Posted by: Lizzie Ross | May 27, 2011

Something for Holmesophiles

Courtesy MagicDragon.com

The Sherlockian (2010), Graham Moore, 346 pp.

OK, we all know that fans can get a bit silly. Think of Tolkien enthusiasts practicing their spoken Elvish at conferences, or Anne Shirley groupies traveling to PEI in order to get married at Green Gables.

Add Sherlockians to this crew, the devoted fans of that paragon of the uber-intellectual detective, fans who can match each other, quote-for-quote, from the Holmes archives. It should surprise no one how many of this particular group behave as though Sherlock were a real person and not just the clever creation of a failed medical doctor.

Don’t get me wrong. I’m not one of these fans, but I still admire most of what Sherlock stands for — intellect, reasoned thought, expertise (no matter how arcane). Conan Doyle’s stories have stayed with us because we love watching the tangled strands of a mystery being pulled apart, to reveal the solution. Whether by Miss Marple, Hamish Macbeth, Jane Tennison, or Sherlock himself — the challenge is to see how much we can get ahead of the story. Has the author laid enough clues for us to outguess the detective? or so few that we can’t even follow the solution?

But I find myself getting away from the point here, which is Moore’s book, about Sherlockians and Conan Doyle himself. Moore gives us two murder mysteries that parallel each other, one in 1900 and the other in 2010. Conan Doyle uses Sherlockian logic to solve the Victorian mystery, and his devoted fan, Harold White does the same in the more modern era. Is it possible to use intellect to solve horrifying murders? or is Conan Doyle’s creation a logical impossibility?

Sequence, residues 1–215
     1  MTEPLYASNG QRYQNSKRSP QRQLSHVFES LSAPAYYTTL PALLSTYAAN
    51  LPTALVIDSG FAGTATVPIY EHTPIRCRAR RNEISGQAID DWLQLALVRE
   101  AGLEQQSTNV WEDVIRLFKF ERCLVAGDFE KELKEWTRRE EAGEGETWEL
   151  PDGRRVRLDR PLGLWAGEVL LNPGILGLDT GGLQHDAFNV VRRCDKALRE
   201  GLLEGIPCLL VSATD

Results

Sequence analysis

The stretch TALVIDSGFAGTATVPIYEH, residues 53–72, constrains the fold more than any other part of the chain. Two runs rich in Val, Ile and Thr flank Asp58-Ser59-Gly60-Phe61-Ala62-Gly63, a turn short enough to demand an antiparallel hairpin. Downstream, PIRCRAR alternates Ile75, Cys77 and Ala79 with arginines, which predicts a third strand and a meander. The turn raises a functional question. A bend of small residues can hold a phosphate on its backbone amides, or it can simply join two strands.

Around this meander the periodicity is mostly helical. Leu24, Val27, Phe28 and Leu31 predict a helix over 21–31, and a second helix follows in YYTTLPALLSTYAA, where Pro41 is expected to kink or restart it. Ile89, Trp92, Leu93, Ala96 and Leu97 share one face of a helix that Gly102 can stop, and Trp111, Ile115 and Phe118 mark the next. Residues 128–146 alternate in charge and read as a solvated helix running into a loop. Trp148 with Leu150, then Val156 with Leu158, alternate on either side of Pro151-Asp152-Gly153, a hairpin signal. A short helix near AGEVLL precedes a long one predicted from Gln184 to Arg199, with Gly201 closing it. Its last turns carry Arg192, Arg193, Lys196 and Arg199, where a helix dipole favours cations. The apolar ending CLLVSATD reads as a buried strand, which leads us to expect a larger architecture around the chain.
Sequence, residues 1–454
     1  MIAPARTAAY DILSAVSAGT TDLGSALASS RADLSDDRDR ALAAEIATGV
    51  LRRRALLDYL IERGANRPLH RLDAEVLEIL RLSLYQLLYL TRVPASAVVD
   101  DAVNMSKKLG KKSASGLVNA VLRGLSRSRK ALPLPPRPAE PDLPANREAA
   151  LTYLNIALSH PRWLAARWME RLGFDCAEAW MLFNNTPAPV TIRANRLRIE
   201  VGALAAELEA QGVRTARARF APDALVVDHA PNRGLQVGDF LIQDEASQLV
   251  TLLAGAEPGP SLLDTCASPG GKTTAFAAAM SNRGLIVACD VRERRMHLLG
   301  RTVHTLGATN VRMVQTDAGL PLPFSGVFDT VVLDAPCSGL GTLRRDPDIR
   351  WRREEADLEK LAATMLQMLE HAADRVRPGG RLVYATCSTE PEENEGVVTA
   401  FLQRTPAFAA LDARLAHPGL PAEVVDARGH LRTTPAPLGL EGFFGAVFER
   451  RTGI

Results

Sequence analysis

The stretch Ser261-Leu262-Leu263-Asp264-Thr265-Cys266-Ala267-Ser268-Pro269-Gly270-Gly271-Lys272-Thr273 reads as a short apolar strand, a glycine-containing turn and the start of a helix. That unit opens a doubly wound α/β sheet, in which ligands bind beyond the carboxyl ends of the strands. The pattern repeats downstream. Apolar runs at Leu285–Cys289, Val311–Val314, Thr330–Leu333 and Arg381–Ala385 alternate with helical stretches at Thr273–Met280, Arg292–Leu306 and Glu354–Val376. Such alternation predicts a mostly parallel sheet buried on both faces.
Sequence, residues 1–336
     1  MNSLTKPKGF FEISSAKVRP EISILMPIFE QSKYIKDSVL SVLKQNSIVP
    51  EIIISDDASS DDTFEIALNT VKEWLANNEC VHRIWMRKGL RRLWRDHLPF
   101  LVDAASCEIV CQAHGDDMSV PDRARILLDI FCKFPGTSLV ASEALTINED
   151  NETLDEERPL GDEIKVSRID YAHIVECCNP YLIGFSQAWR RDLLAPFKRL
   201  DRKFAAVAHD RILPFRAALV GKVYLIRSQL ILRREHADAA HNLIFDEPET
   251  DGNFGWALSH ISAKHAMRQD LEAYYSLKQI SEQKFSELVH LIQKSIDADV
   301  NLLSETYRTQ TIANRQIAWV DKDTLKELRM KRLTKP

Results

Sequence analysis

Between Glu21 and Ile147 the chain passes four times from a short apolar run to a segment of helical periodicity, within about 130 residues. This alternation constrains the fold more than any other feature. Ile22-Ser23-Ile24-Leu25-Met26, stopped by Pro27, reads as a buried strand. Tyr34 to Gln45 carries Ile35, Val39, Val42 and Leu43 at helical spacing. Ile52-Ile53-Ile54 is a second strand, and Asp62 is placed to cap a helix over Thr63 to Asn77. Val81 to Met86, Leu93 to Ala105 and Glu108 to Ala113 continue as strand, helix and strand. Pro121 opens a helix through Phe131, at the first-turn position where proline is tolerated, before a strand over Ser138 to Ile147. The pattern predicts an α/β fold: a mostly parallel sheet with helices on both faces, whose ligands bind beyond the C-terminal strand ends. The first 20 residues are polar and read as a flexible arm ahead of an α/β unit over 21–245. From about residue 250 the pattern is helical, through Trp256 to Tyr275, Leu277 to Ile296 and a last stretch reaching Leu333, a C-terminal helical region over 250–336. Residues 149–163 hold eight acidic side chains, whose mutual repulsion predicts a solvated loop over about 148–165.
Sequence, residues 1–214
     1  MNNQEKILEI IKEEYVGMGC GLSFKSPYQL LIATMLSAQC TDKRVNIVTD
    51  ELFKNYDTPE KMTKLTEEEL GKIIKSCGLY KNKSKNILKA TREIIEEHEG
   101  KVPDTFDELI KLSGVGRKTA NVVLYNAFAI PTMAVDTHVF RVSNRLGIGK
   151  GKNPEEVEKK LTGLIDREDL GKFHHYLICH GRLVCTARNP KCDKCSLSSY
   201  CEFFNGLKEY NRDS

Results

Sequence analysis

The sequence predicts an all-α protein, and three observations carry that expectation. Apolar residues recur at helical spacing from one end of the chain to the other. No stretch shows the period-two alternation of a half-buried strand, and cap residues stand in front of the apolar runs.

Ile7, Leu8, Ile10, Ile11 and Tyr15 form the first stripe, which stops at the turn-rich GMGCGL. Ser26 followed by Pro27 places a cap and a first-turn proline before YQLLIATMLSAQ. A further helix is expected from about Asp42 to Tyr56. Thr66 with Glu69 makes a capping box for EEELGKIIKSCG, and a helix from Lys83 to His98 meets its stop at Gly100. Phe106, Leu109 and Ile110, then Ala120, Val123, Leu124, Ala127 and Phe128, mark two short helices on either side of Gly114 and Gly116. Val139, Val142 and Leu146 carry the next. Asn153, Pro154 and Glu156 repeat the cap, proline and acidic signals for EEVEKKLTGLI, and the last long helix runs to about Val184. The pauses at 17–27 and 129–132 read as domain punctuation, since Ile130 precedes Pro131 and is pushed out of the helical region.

Moore’s plot works something like an echo chamber, with themes, events and devices caroming back and forth across the 110 years that divide the two main characters.

In 2010, at a convention of the Baker Street Irregulars, a man about to announce the discovery of Conan Doyle’s missing diary (covering October to December of 1900) is found strangled in his hotel room. The game’s afoot, and Harold is happy to prove his intellectual mettle, with an unflappable female freelance writer acting as his Watson.

Back in 1900, a failed letter bomb puts Conan Doyle on the trail of a serial killer, with the unflappable theater impresario Bram Stoker (yes, him) as his sidekick.

Now, back to my earlier tangent. This isn’t just a book about solving two murder mysteries. It’s also about Conan Doyle’s decisions, first to kill Sherlock at Reichenbach Falls, and then subsequently to resuscitate him. It’s about mystery plots and the function of the sidekick (if Watson had been as smart as Holmes, we’d have known the solution immediately and missed the pleasure of piecing together the clues that Holmes reveals to his buddy). At its most basic, this book is a test of Holmes’ methods. Conan Doyle and Harold White believe so firmly in deductive reasoning that, contrary to logic, they assume they can find the murderers. If they should fail, does that mean that Sherlock is just a ridiculous fantasy?

Well, something else that Moore explains through his characters is why murder mysteries must end with the exposure of the villain. Unlike real life, there can be no other ending. So we can trust that Moore himself won’t leave us hanging.

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